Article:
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One of the most critical parts of a PC build is the CPU. Many consumers have loyalty to AMD or Intel, and this guide will look at the pros and cons of each brand. No matter the choice, there are steps to narrow down which chip to purchase. The CPU is core to any PC, so it is critical to take time when deciding, especially when working on a budget.

AMD Vs. Intel

There are distinct differences in how AMD and Intel CPUs process data, but this generally doesn’t affect average users. Unless completing one very specific task is a goal, either chip will fulfill its purpose.

Intel has boasted far greater performance numbers than AMD. Even with AMD’s Ryzen offering a competitive alternative, Intel is still the top dog of performance. On top of that, Intel CPUs run far cooler, meaning they are compatible with more devices. These major factors mean that Intel is often the more popular choice. That also means manufacturers build more motherboard options for Intel than AMD.

Image copyright by AMD.

While Intel holds the belt for performance, AMD sits on the throne of affordability. Looking at new generation CPUs, AMD has the best cost to performance ratio. If typical usage includes running multiple programs simultaneously, they are an even better option, as AMD often boasts of having more cores than Intel. With the Ryzen release, they have Simultaneous Multi-Threading to answer Intel’s Hyperthreading. To top it off, for those who choose to overclock their system, AMD chips often have more options for doing so.

AMD

  • Cheaper
  • More Cores
  • Overclocking

Intel

  • Higher Performance
  • Better Heat Dissipation
  • More Motherboard Options

The Specs

Cores refer to the number of physical points of processing that a CPU has. For each core, a CPU is able to process a different request. That means that the number of tasks a system can process at once is limited to the number of cores.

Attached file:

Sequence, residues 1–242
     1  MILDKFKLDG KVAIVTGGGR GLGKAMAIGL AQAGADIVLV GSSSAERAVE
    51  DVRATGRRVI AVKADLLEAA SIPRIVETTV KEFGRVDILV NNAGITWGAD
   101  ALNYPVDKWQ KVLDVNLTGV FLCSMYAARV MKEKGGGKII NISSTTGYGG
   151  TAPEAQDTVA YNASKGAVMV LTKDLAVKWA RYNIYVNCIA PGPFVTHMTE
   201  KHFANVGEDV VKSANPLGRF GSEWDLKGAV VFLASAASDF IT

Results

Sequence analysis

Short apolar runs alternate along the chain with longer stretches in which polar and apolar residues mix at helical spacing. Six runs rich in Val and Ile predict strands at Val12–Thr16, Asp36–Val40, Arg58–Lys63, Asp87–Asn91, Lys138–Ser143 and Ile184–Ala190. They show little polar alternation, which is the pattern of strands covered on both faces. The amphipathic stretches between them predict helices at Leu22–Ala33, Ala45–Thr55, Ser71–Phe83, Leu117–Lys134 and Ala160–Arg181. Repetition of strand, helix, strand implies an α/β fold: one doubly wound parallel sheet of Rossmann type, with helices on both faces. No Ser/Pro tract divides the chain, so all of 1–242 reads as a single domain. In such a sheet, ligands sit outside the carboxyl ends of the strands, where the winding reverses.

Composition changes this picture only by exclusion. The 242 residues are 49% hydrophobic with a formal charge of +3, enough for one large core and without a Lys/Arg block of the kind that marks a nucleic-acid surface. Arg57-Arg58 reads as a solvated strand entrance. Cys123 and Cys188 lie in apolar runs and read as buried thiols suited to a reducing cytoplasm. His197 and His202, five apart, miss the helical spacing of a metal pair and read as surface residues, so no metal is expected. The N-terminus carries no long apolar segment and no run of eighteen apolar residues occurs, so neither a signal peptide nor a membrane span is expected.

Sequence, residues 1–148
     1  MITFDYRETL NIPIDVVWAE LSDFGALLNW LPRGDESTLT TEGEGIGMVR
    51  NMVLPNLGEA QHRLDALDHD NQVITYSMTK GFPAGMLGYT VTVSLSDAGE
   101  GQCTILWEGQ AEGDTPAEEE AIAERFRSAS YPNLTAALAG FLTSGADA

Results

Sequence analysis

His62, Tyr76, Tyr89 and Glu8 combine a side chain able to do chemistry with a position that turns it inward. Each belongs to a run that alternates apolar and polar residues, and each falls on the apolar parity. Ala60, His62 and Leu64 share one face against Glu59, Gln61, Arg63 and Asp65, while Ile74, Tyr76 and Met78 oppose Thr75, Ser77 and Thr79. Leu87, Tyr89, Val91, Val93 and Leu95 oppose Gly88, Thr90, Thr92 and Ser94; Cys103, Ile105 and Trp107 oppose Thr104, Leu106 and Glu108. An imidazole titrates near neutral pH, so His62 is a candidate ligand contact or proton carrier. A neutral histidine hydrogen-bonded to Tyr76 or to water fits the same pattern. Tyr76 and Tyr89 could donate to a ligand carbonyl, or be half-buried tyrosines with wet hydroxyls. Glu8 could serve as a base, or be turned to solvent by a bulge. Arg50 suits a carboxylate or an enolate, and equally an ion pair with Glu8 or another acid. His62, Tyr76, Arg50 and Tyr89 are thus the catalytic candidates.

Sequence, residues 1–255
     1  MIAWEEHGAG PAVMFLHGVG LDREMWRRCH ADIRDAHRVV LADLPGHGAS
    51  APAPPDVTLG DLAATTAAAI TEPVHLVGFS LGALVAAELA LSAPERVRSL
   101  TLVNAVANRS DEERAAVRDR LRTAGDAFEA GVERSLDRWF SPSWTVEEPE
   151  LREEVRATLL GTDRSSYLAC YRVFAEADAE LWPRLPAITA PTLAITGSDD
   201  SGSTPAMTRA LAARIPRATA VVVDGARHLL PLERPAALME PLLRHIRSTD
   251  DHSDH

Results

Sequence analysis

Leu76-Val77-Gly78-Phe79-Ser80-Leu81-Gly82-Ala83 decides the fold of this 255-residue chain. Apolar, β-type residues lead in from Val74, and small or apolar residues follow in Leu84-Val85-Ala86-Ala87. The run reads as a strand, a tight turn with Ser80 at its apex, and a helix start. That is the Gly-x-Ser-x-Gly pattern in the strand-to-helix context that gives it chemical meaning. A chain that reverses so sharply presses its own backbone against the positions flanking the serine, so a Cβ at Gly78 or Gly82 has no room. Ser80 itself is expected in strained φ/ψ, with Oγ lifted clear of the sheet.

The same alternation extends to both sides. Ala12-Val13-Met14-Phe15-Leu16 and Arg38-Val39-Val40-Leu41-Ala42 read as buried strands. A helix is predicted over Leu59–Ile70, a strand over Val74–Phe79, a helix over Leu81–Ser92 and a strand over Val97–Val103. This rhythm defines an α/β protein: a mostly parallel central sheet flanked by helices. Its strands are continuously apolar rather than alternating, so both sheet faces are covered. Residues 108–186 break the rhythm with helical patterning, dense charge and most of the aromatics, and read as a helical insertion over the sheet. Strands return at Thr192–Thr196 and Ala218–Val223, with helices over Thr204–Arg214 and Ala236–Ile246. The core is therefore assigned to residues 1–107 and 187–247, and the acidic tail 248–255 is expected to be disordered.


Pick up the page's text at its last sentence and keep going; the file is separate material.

Threads are a virtual core of a CPU–two virtual cores exist in a single physical one. These virtual cores are not as effective as physical cores, but do provide an advantage. When there is a pause in a task, the virtual core changes gear and work on another. When there is a core count of 4/8, that means four physical cores and eight total threads.

Clock Rate is the frequency that a CPU core runs at, and indicates the speed it runs at. For example, a 4.2 GHz processor would run twice as many cycles a second as a 2.1 GHz CPU.

Cache is an actual hardware memory cache on the chip. It holds some frequently used data on the chip rather than on the system memory. This speeds up the response time of data. As a whole, the more, the better.

While these stats can help with initial comparisons, knowing which CPU will perform better than another is still a complicated process. Due to old architecture performing different than new, sometimes slower processors will outperform faster ones and other oddities. Unless there is dedicated time spent doing research, it is often easier to go to a site like cpubenchmark.net to get a general comparison. The greatest advantage of cpubenchmark.net is that it takes benchmark results information from a large group of people who have different system setups. This allows the results to better represent average performance for an average user.

Image copyright by Intel.

Image copyright by Intel.

My Decision

When it comes to building a budget system with current generation parts, AMD is really the only option. Intel has performance behind it, but high end chips often cost more than an entire AMD system. For my system rebuild, I chose to go with an AMD Ryzen 7 1700. In regards to price to performance, the Ryzen series is the best on the market at the time of this article.

Results

The AMD Ryzen 7 1700 has performed far beyond my initial expectations. My CPU needs aren’t demanding, so the lesser of the 7 series was the perfect solution. It handles audio, photo, and video editing, as well as file conversion without any issues. High utilization times could be better with a more expensive chip, but it handles each task thrown at it.

The downside I have encountered has been limited to single core intensive processes. For the most part, this is exactly what games require, and the differences are slight but noticeable. The 7700k from Intel is close in price, and when it comes to games it comes out clearly on top. If gaming is your absolute top priority from your system, the 7700k is where you should look for your budget option.


Budget Build Upgrade is a series of articles on learning the resources and tools to create a modern PC on a budget. To see the previous article in this series, click here.

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